Depressed oil prices are likely to rally in the second half of the year —perhaps as high as $85 per barrel, energy analyst Michael Rothman said Monday. That said, he added any move higher won't be a result of coordinated production cuts.
An output cut "was never going to happen, the notion that [OPEC and Russia] would agree to reduce their output and help support prices was a nonstarter," said Rothman, founder and president of the Cornerstone Analytics research firm.
While the bear case seems strong, "prices are not going to stay this low for an extended period of time," he said. Rothman believes there are plenty of factors setting up the other side of the oil trade.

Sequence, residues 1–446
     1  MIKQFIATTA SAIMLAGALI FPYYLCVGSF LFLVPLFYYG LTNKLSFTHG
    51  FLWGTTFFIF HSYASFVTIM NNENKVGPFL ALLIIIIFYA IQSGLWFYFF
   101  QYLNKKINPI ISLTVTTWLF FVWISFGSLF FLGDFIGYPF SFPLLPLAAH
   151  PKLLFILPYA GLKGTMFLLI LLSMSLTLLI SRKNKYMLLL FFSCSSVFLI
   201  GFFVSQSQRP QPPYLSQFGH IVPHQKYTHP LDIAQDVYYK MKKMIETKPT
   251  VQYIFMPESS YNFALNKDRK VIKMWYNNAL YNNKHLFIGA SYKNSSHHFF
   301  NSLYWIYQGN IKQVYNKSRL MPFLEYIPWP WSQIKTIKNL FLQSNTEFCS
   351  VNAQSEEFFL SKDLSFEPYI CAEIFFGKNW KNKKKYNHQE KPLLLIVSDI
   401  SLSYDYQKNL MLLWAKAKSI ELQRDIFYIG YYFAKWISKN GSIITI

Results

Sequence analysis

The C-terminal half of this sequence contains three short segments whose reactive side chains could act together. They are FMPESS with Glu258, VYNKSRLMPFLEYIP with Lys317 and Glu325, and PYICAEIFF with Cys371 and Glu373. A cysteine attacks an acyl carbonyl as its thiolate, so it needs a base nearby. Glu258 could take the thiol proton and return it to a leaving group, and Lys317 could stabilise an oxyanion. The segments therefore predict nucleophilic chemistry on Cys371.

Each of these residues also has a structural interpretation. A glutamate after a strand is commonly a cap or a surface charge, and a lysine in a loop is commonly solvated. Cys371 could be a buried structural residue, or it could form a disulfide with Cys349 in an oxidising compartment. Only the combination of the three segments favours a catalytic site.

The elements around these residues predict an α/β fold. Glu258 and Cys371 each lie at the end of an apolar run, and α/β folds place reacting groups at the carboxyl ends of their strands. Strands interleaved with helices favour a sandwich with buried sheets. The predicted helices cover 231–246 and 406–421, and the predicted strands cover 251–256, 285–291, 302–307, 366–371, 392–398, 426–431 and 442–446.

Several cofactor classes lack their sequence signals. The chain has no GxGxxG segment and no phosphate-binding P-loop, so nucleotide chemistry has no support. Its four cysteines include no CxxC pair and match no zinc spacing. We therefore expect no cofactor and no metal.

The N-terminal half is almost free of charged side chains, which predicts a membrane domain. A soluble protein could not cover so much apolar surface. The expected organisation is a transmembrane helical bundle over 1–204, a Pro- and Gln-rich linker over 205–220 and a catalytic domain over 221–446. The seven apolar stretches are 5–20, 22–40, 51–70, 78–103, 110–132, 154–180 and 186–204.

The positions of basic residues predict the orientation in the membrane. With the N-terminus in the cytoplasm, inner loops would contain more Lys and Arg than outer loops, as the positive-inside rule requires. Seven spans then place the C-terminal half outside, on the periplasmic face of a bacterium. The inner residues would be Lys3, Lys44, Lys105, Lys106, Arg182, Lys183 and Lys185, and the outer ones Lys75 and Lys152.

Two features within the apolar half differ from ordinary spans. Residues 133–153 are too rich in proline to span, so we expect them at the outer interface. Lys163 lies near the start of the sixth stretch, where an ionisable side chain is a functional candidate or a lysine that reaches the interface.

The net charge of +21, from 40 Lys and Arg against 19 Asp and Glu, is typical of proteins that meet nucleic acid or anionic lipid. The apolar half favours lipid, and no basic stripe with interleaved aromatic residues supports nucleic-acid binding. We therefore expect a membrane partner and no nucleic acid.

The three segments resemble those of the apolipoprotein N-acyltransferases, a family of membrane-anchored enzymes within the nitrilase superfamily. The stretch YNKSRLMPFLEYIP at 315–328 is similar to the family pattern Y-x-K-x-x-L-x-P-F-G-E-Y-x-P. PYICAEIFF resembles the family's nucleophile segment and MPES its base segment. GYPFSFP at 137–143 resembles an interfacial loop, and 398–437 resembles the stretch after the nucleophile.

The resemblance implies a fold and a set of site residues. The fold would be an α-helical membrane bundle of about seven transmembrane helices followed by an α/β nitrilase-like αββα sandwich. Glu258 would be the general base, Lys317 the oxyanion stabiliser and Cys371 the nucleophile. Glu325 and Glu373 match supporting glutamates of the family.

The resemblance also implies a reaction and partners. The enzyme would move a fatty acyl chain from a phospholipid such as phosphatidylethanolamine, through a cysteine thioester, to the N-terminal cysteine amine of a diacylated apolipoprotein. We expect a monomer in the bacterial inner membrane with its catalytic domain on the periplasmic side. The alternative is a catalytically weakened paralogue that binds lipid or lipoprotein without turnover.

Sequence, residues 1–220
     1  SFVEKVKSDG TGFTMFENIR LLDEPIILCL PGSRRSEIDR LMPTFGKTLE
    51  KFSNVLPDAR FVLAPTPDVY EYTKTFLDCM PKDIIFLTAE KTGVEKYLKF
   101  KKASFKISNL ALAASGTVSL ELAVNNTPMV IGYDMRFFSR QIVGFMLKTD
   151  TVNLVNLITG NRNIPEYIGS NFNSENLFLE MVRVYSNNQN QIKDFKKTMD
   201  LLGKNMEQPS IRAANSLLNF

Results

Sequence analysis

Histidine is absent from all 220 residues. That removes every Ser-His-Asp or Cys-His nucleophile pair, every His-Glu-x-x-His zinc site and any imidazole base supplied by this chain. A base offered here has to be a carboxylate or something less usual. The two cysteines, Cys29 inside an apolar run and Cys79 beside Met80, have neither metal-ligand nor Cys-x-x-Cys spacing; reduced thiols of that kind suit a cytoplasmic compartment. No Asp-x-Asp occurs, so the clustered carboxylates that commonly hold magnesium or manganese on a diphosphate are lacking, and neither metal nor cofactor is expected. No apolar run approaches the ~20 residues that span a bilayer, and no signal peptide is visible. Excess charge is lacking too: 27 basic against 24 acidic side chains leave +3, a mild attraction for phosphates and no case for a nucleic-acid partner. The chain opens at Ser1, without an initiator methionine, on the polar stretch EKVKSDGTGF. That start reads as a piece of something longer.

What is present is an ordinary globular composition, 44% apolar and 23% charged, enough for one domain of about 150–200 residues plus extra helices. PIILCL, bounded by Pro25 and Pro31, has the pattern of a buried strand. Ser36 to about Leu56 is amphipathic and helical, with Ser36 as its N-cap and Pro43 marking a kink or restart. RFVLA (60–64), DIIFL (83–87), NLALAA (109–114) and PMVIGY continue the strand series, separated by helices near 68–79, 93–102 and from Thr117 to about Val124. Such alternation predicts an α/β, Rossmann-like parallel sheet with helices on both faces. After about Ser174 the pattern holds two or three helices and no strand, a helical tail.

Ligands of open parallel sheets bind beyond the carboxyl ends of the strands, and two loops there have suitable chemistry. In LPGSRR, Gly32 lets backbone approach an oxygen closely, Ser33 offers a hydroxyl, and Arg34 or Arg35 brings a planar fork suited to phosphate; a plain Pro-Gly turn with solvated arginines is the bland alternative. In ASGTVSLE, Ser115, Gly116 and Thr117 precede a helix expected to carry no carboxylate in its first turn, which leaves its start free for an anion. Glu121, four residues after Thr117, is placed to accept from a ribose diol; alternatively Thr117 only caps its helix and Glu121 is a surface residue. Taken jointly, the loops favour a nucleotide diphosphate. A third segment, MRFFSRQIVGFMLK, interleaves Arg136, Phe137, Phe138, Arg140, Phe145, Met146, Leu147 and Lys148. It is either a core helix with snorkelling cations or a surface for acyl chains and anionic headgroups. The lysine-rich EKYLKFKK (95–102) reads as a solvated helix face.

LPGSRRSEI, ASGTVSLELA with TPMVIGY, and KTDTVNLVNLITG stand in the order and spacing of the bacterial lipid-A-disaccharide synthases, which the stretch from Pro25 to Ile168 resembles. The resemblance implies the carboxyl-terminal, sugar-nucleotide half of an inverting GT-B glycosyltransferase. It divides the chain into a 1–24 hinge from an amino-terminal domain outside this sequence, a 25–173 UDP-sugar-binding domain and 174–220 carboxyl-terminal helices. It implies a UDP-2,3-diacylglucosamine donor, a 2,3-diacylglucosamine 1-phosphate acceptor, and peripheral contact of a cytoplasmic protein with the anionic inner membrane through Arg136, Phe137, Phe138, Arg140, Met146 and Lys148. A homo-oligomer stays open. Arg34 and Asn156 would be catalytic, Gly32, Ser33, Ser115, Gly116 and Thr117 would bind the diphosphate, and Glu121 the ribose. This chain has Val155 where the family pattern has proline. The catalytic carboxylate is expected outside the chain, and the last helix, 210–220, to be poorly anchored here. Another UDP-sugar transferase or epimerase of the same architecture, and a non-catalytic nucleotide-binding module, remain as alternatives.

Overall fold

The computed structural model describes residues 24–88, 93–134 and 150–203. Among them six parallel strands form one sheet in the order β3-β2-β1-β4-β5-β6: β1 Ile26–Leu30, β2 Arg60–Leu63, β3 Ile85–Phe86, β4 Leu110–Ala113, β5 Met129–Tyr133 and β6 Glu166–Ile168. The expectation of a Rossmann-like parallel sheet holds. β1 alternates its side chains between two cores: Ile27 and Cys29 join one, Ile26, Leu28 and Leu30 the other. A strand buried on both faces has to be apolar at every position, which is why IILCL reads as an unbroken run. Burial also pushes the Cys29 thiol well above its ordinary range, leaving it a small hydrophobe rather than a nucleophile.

"Most budgets for the OPEC countries can't be maintained at this level," he continued. "Even the Saudi budget is built on almost $100 price for breakeven, which is why they've been dipping into their reserves." So when will the reversal begin?
Rothman told CNBC's "Worldwide Exchange" that $85 per barrel crude is just a few months away. "We'll actually start to see it when we get past the winter. We'll see inventories being drawn down, which most people you're going to talk to aren't expecting," Rothman added.
"That's really the bottom line of where supply and demand meet," he said. "I expect that the sentiment is [then] going to shift."